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Thinking for a cooler world

Global Ideas Reporter | COP18

What a +4° Celsius world would look like

The next climate conference is to start in Doha, Quatar this Monday – but already before it is started, participating parties are not really optimistic about a practical outcome.
This is especially striking when set into relation with the urgence of the world’s situation: First opinions come up claiming [german languange link] that it is not realistic anymore to limit global warming to plus two degree Celsius when compared to predindustrial level.

In this context, the World Bank released a new report last week. Written by the Potsdam Institute of climate change, they again outline what is to happen with the worlds (eco)systems in a +2 degree-world – and forecast what is to happen in a +4-degree world.

Put in simple matters: Consequences of additional four degrees won’t just be an extension of what is felt at two degrees. Naively one could guess that as temperature doubles from two to four degrees, effects “double” as well. But that is not the case. They amplify even more intense.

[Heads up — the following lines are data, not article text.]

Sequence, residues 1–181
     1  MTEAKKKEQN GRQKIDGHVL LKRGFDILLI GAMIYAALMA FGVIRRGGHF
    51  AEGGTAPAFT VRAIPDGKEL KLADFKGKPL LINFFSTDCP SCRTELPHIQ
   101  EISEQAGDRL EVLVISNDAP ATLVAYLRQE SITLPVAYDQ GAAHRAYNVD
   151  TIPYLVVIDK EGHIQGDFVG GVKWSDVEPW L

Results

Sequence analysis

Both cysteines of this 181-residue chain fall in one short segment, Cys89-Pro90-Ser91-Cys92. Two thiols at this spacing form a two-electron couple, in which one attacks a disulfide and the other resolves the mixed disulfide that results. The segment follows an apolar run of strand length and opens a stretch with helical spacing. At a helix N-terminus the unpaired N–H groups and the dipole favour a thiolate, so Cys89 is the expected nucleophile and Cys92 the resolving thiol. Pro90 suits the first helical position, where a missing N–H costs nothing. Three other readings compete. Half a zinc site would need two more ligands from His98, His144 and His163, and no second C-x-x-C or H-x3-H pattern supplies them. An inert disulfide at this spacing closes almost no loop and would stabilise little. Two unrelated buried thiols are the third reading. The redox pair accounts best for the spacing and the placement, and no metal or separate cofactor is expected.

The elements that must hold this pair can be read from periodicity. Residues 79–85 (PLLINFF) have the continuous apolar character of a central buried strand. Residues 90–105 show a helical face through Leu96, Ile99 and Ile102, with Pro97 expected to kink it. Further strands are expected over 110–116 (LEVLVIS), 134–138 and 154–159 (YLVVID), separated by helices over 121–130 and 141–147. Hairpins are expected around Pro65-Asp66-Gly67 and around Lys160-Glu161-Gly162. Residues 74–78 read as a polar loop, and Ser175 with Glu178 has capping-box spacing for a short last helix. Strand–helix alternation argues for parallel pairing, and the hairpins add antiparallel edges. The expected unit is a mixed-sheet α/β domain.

To give you an impression of what to expect in a +4 degree world, we have summarized the most important facts.

The only good news: According to the World Bank report, there are “technically and economically feasible emissions pathways to hold warming likely below 2°C.

Compared to the preindustrial level, the world nowadays is 0.8° Celsius warmer than back in the 1850s.

  • A warming of (more than) four degrees might cause several ecosystem elements to tip – and alter climate irreversibly.
  • Extreme heat waves such as in Russia in 2010 are likely to become the new normal summer. In fact, the coolest month in that high-temperature future are likely to be substantially warmer than the warmest month at the end of 20th century. This is especially at play for the Mediterranean, North Africa, the Middle East, and the Tibetean plateau.
  • Not all regions will suffer from the consequences to the same extent. The increased sea-level for example will not be equally distributed all over the globe, but water will tent to gravitate towards the Equator. Highly vulnerable cities in consequence are found in Mozambique, Madagascar, Mexico, Venezuela, India, Bangladesh, Indonesia, the Philippines, and Vietnam

So far, not all impacts of additional four degree have been investigated – especially concerning those for societies. No one yet knows, whether humans in their societal and economical structures will be able to adopt to a 4°c world.
But already the known impacts and consequences should be enough input to move decision makers to action.


November 26, 2012